Mary was married to a male chauvinist. They both worked full time, but he never did anything around the house and certainly not any housework — that, he declared, was woman’s work.
But one evening Mary arrived home from work to find the children bathed, a load of wash in the washing machine and another in the dryer, dinner on the stove and a beautifully set table, complete with flowers.
She was astonished, and she immediately wanted to know what was going on. It turned out that Charley, her husband, had read a magazine article that suggested working wives would be more romantically inclined if they weren’t so tired from having to do all the housework in addition to holding down a full-time job.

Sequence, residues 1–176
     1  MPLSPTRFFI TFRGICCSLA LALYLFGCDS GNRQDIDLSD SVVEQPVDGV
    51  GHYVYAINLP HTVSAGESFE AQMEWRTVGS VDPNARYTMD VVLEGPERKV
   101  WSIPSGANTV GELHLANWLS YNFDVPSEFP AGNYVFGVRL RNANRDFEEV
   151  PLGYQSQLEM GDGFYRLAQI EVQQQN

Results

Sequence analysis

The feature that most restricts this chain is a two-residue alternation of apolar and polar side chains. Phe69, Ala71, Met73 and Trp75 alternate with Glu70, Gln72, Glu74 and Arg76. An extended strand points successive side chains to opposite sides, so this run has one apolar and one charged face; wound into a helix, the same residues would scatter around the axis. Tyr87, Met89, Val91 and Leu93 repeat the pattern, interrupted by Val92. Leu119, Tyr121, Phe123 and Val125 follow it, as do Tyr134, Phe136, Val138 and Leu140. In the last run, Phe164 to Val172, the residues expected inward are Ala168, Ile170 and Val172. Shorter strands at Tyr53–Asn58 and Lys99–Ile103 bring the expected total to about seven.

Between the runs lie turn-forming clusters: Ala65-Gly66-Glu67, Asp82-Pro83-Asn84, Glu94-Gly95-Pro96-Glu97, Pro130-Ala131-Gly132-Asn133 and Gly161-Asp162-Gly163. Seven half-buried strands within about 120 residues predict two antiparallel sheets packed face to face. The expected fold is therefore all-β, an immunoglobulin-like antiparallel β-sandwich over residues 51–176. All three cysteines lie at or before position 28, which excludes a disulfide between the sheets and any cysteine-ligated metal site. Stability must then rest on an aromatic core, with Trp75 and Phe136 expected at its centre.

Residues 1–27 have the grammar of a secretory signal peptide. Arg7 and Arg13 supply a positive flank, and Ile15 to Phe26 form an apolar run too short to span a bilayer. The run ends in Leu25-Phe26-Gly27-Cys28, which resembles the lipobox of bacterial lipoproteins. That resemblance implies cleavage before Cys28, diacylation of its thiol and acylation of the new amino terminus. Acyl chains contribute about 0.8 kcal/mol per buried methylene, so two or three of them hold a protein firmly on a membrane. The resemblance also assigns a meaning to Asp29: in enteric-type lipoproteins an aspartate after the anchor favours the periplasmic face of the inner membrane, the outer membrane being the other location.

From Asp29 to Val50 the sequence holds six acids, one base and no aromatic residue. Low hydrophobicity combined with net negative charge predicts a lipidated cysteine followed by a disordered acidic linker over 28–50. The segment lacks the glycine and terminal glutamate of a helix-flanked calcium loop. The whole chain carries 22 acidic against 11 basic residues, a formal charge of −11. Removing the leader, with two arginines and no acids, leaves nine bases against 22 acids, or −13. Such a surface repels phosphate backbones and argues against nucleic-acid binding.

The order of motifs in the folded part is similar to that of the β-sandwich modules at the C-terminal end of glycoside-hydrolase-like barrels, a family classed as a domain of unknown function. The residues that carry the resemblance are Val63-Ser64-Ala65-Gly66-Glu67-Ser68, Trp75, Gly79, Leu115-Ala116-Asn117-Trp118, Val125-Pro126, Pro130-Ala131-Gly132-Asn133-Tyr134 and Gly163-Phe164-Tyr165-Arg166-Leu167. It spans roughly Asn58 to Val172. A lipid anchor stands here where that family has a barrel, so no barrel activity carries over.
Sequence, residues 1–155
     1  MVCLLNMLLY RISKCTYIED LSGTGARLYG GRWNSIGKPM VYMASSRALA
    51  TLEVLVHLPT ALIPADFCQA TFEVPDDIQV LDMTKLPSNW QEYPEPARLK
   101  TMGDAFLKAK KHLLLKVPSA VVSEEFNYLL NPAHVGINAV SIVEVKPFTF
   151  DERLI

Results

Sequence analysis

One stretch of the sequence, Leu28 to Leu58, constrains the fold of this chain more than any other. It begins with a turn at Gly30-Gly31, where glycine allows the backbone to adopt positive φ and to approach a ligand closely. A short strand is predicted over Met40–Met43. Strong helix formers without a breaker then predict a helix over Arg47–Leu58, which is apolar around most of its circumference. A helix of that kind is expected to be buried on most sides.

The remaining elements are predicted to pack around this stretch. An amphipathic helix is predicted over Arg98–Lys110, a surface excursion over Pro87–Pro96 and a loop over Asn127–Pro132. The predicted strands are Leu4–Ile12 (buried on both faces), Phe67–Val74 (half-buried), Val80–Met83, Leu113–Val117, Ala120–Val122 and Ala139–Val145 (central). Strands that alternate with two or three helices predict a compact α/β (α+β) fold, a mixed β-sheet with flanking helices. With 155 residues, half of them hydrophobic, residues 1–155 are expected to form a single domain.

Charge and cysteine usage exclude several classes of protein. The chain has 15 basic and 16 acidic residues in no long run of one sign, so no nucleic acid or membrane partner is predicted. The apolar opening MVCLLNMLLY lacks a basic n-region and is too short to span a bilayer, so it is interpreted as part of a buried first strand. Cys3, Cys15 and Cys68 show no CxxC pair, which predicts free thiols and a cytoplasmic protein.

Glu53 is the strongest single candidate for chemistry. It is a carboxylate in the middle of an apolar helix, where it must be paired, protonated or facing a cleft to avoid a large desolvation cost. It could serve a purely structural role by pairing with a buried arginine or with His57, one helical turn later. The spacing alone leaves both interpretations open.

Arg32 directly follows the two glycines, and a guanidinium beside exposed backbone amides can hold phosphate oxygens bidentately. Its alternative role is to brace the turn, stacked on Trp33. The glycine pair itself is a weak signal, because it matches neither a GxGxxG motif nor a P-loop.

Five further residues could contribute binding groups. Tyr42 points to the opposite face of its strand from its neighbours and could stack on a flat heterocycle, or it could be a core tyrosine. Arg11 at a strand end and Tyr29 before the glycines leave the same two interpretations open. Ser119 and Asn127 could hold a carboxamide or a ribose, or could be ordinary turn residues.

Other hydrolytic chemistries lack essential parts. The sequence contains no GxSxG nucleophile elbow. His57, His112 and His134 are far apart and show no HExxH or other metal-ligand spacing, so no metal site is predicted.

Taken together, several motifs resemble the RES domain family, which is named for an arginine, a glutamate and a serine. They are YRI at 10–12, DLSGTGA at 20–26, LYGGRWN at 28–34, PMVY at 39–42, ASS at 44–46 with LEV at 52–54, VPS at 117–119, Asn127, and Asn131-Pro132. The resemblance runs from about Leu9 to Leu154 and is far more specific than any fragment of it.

The next day, she couldn’t wait to tell her friends in the office. “How did it work out?” they asked.
“Well, it was a great dinner,” Mary said. “Charley even cleaned up, helped the kids with their homework, folded the laundry and put everything away.”
“But what about afterward?” her friends wanted to know.
“Oh — that didn’t work out,” Mary said. “Charley was too tired.”